Last week at Leaders Connect we had the pleasure of learning from Dr. Wayne Baker about his new book, “All You Have to Do Is Ask“, which will be available in January 2020
As he described it, the book contains a set of tools for mastering the one skill standing between us and success: the ability to ask for the things we need to succeed.
Dr. Baker presented to a crowd of over 100 leaders who he asked to imagine the following scene:
“ You’re on a deadline for a big project, and feeling overwhelmed. Or you’re looking for a new job, but can’t seem to get your foot in the door. Or you’re facing a personal challenge, and just don’t know what to do. What do these problems have in common? They can all be solved simply by reaching out to a colleague, friend, acquaintance, or wider network and making an ask. Studies show that asking for help makes us better and less frustrated at our jobs. It helps us find new opportunities and new talent. It unlocks new ideas and solutions, and enhances team performance. And it helps us get the things we need outside the workplace as well. And yet, we rarely give ourselves permission to ask. Luckily, the research shows that asking—and getting—what we need is much easier than we think”.
Dr Baker has many useful tools—used at companies like Google, GM, and IDEO—that individuals, teams, and leaders can use to make asking for help a personal and organizational habit, such as: SMART criteria for making an ask, “plug-and-play” routines that make requests a standard component of meetings, mini-games that incentivize asking within teams, and the Reciprocity Ring, a guided activity that allows people to tap into the giving power of a network. A map handout was giving to the participants to help them follow the path to learn the ‘All you have to do is ask’ process.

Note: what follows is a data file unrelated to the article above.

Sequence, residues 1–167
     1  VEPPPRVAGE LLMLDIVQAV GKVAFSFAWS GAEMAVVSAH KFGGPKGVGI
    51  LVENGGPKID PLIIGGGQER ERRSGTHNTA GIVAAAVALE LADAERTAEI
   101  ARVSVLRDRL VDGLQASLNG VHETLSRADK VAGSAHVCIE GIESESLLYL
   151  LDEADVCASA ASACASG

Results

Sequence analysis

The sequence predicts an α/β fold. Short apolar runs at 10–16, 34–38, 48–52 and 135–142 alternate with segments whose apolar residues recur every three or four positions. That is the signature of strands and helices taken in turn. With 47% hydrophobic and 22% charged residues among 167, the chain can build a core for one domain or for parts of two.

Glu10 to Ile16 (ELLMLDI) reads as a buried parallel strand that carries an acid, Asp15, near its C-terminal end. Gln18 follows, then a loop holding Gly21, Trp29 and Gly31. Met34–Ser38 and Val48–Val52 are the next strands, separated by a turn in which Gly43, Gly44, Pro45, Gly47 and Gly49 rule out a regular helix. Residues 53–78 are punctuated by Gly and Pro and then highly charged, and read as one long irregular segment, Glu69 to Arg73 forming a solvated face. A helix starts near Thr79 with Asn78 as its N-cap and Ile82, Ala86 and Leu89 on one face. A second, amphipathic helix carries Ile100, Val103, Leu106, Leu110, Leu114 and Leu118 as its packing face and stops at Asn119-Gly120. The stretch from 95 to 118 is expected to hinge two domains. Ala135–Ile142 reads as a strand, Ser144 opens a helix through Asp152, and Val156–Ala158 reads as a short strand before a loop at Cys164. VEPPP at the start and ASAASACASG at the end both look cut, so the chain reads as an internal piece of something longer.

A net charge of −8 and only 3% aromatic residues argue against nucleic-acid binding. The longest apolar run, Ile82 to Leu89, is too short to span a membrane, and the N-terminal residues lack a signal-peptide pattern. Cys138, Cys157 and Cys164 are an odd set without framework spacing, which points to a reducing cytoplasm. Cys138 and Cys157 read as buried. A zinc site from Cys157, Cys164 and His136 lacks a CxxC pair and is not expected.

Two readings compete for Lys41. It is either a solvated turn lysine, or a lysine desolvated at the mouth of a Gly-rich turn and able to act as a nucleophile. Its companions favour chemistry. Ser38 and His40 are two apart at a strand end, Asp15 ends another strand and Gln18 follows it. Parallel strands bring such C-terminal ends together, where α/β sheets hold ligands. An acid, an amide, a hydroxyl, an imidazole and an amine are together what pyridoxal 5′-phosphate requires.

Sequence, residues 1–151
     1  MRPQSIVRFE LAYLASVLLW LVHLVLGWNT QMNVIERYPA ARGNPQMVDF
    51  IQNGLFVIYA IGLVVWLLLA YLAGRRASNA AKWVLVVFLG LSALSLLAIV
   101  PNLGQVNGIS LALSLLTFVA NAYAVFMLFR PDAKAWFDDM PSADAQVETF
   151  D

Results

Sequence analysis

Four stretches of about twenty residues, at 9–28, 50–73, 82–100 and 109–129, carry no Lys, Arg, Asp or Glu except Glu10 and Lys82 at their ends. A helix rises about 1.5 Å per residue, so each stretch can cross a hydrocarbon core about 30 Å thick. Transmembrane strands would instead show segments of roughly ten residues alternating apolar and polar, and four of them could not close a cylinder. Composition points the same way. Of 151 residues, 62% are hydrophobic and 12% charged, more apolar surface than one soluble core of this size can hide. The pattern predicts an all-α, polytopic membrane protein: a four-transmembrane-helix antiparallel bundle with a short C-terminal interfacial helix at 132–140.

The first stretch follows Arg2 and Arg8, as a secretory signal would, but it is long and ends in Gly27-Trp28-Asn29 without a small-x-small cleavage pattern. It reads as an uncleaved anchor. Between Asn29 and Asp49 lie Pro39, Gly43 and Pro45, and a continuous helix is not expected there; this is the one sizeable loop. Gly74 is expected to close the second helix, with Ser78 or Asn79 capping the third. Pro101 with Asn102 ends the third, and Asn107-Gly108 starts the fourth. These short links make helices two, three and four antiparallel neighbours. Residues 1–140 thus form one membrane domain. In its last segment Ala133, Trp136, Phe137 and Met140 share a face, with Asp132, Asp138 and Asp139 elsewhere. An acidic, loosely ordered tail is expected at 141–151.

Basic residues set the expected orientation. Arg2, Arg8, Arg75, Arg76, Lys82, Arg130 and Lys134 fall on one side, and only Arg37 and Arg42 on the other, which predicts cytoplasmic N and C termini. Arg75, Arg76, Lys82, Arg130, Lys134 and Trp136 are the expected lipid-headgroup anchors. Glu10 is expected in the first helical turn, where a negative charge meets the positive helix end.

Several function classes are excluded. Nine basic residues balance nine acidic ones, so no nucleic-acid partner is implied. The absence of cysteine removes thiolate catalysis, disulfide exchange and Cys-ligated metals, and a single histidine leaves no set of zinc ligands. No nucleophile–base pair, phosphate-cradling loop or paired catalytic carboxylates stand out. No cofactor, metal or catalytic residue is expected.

If you would like to take the first step, there is an online assessment to find your asking-giving style. By pre-ordering Dr. Wayne Baker’s book, you can also receive unpublished bonus content ‘A Guide to the 9 Asking-Giving Types’.
At the end of the presentation, Dr. Baker asked the audience to share something they would like to receive from other members of the audience, the “what, why and need”. To close this piece , I am including a request made to the audience by Kim Birkle, one of the workshop participators:
- More connections to local and statewide policy makers who drive education curriculum.
- More and easier access to teachers and administrators willing to join the list of schools piloting Circus Vowels.
- Local businesses, foundations, individuals to donate to help us continue our outreach and implementation. Even $250.00 makes a big impact as it supplies a ” Circus Vowels, The Long and Short of It” book for an entire class. Most schools do not have extra funds for pilot programs even when there is mounting evidence it will make a great positive impact on improving reading scores.
- Advice and Mentors and donors to guide us in developing strategies to reach more educators and donors in a more timely manner
Since Kim asked for help, if you’d like to respond to her in order to help the Saline School Project, you can email Kim at firstname.lastname@example.org